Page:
Various species of sharks have appeared in one of the world’s most active submarine volcanoes, including reef sharks, hammerheads, and scalloped hammerheads. Why sharks live in this area remains one of the world’s most enduring marine secrets.
Florida International University marine ecologist Michael Heithaus dedicated his life to answering why the apex predators are attracted to volcanoes.
This can potentially allow sharks to swim to safety from a volcanic eruption.
This mysterious sixth sense can also enable sharks to search for other volcanic islands.
He said, “It looked like the sharks in the volcano were used to dealing with eruptions.
Professor Heithaus also believes that there is a significant correlation between sharks and volcanoes.
His studies took him to Réunion, where the active volcano Piton de la Fournaise is located.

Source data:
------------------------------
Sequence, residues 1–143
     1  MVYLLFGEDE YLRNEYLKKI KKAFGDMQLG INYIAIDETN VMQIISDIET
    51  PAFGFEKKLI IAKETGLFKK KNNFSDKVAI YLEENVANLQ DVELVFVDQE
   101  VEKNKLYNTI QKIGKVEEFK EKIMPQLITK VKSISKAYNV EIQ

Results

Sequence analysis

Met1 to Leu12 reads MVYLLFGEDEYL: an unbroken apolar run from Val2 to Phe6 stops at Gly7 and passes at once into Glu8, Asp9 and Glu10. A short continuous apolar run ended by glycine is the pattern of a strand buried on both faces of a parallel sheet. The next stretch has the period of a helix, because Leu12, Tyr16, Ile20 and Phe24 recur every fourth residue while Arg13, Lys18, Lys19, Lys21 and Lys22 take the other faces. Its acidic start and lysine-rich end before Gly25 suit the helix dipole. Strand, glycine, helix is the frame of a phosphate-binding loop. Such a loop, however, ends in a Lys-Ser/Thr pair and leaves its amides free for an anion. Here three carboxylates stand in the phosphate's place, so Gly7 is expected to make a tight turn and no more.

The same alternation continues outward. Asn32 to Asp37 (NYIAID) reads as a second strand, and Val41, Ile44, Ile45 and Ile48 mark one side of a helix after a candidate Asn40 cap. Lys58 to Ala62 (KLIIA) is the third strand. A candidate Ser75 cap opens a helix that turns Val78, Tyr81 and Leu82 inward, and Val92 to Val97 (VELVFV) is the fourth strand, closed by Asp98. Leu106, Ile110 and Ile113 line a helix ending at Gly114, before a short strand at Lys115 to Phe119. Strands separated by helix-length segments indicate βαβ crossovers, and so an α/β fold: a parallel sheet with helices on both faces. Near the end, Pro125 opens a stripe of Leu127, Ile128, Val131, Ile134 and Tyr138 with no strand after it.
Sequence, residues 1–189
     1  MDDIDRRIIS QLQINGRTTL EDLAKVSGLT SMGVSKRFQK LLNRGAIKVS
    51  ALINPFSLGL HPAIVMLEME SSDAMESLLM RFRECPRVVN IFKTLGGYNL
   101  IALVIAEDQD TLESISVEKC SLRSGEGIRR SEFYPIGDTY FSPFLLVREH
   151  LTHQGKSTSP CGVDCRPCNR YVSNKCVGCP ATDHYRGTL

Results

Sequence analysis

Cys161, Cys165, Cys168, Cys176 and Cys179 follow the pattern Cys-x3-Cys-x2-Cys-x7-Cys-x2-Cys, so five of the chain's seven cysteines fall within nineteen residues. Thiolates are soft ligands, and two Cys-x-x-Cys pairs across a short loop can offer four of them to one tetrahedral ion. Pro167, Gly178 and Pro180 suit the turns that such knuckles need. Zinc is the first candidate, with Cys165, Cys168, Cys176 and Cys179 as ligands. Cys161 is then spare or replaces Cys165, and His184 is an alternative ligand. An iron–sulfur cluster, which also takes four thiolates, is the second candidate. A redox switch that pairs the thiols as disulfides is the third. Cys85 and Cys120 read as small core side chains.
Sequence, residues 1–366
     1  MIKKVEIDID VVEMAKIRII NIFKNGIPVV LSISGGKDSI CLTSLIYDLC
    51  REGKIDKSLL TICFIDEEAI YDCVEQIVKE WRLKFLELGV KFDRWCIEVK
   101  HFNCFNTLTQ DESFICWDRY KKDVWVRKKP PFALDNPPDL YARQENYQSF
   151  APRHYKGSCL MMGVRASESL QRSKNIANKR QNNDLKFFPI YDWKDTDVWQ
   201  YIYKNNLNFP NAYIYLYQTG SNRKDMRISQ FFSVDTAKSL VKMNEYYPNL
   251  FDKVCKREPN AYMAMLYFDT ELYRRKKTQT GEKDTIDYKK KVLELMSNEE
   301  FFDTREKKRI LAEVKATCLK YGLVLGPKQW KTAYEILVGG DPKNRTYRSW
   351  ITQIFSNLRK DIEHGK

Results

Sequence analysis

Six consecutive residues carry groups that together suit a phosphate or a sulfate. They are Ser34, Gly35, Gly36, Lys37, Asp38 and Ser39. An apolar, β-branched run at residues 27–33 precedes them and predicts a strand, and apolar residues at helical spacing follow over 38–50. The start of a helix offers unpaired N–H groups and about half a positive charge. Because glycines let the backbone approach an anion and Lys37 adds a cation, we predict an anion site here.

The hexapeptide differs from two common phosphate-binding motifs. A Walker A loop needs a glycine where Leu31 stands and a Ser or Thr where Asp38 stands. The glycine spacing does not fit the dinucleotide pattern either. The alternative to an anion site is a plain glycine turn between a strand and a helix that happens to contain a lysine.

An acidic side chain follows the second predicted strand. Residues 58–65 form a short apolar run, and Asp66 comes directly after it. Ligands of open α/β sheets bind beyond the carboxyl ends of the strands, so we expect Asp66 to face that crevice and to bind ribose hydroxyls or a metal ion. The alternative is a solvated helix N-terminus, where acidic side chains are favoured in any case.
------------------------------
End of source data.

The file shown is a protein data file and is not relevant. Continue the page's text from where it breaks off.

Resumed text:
There are so many sharks there that swimming has become illegal in recent years.
Eleven people have been killed in attacks since 2011, mostly from bull sharks.
Professor Heithaus believes these sharks took advantage of the fact that sediments were washed down from the volcano’s slope.
The cloudy water is an ideal hunting ground for the apex predators.
However, sharks have an overall positive impact on the environment.
A recent study found that sharks are functionally extinct on almost one in five coral reefs.
Professor Heithaus said that extreme habitats, ironically, offer them a safe haven.
He said: “By far the greatest threat to sharks is overfishing.
“Too many are being caught, due to the demand for fins and shark meat.
“You will not go fishing around a volcano and probably some of the larger sharks that are predators will be less inclined to go in there.
“We may not know exactly why they are there, but the fact that we’ve seen so many in a relatively short period of time suggests this is an important place for these sharks.
“If it wasn’t a great place to live, they probably wouldn’t be there … who doesn’t like a hot tub?”